In his book Shambhala, The Sacred Path of the Warrior, Chogyam Trungpa lays out a vision of living life as a warrior. His definition of warrior surprised me. He said, "The key to warriorship...is not being afraid of who you are. Ultimately, that is the definition of bravery: not being afraid of yourself" (p. 28).
Later, Trungpa explains, "The warrior, fundamentally, is someone who is not afraid of space. The coward lives in constant terror of space. When the coward is alone in the forest and doesn't hear a sound, he thinks there is a ghost lurking somewhere. In the silence he begins to bring up all kinds of monsters and demons in his mind. The coward is afraid of darkness because he can't see anything. He is afraid of silence because he can't hear anything" (p. 155).
I suspect that Trungpa would see many of the things of our lives--from TV to iPods to cell phones to food and drink--as the space-fillers that maintain our cowardice. In space--silence, darkness--we are left with nothing but ourselves. If we are afraid of who we are, we will frantically seek to fill the space, running ever further from ourselves. But warriors derive strength from space...in tuning out the space-fillers they get closer to who they really are.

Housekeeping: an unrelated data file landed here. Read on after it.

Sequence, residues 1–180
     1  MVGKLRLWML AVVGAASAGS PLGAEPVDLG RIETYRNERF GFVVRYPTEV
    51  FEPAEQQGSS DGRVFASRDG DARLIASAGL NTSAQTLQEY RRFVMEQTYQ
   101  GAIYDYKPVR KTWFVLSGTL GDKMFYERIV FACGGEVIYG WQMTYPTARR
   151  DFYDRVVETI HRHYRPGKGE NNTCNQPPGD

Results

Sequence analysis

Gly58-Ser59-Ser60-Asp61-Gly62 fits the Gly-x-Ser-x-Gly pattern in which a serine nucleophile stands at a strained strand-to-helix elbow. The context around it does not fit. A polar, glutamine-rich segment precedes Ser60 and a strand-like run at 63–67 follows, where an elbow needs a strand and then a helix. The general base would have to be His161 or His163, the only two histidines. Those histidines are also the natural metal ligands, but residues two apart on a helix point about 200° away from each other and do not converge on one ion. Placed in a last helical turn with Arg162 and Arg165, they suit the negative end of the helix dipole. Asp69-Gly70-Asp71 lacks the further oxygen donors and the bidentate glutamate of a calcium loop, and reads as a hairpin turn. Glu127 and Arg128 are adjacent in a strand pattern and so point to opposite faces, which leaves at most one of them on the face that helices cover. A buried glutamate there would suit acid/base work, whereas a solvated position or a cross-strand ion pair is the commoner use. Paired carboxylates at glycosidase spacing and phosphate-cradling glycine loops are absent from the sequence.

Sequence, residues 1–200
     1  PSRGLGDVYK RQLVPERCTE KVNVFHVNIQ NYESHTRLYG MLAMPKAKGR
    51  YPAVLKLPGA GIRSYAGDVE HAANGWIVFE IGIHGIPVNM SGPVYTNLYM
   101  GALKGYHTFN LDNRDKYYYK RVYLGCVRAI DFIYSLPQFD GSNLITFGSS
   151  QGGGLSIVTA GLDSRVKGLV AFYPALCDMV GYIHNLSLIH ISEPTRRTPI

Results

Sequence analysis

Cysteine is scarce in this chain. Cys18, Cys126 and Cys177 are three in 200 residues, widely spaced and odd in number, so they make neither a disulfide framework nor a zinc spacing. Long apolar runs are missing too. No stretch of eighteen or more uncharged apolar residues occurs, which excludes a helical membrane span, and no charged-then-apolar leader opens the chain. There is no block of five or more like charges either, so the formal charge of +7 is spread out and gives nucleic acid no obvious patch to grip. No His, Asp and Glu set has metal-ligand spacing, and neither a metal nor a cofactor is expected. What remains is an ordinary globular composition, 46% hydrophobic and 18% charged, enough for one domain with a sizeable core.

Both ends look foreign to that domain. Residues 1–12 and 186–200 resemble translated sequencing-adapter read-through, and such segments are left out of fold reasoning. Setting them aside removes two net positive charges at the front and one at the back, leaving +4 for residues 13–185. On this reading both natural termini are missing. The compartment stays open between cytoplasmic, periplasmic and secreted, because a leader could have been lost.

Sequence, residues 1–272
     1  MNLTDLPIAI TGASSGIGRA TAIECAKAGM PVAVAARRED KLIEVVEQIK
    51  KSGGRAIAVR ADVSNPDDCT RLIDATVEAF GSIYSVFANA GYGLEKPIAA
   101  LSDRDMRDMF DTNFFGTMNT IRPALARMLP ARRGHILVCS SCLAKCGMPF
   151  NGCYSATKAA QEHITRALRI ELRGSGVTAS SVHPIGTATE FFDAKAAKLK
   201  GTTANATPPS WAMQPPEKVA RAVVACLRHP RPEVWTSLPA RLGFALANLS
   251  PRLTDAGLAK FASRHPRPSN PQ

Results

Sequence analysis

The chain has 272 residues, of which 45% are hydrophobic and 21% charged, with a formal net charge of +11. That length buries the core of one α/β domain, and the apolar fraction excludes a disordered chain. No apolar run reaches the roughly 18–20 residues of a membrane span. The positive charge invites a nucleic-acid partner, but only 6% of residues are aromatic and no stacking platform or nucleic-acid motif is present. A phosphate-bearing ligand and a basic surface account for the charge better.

In the Japanese tradition of Morita therapy, people stay in their bed and refrain from any activity, day after day. For a while, they catch up on sleep and daydream, but eventually they become bored. After a while, the boredom passes, and they begin to reflect on themselves and their lives. They come to terms with issues that had long been put aside. The whole of therapy consists of doing nothing. It's about contacting space, finding the warrior within.
Ironically, the self we flee from often is not the bad self, but the very best within us. We are afraid to face our potentials, how far we could truly come. This is what makes the warrior: the willingness to face that chasm between the real and the ideal and forge a bridge from one to the other. It takes a certain bravery to sustain the look into the chasm, even as one builds bridges.
We enact our warriorship or cowardice each trading day. Markets move, and it is only in space--the silence of our minds--that we can be open to what they are doing. The cowardly trader, in constant terror of that space, fills it with fantasies of what the markets might do. Thus it is that the cowardly trader fails to take trading signals, gets out of trades prematurely, or lurches into trades where no signals are present. The warrior trader, in Morita mode, engages in the doing that is not doing: silently observing each piece of information until the time is right for action, then letting positions go and do their thing.
So much of bad trading amounts to cowardice. So much of success amounts to sitting and doing nothing and feeling grounded in that space.
Devotion to Development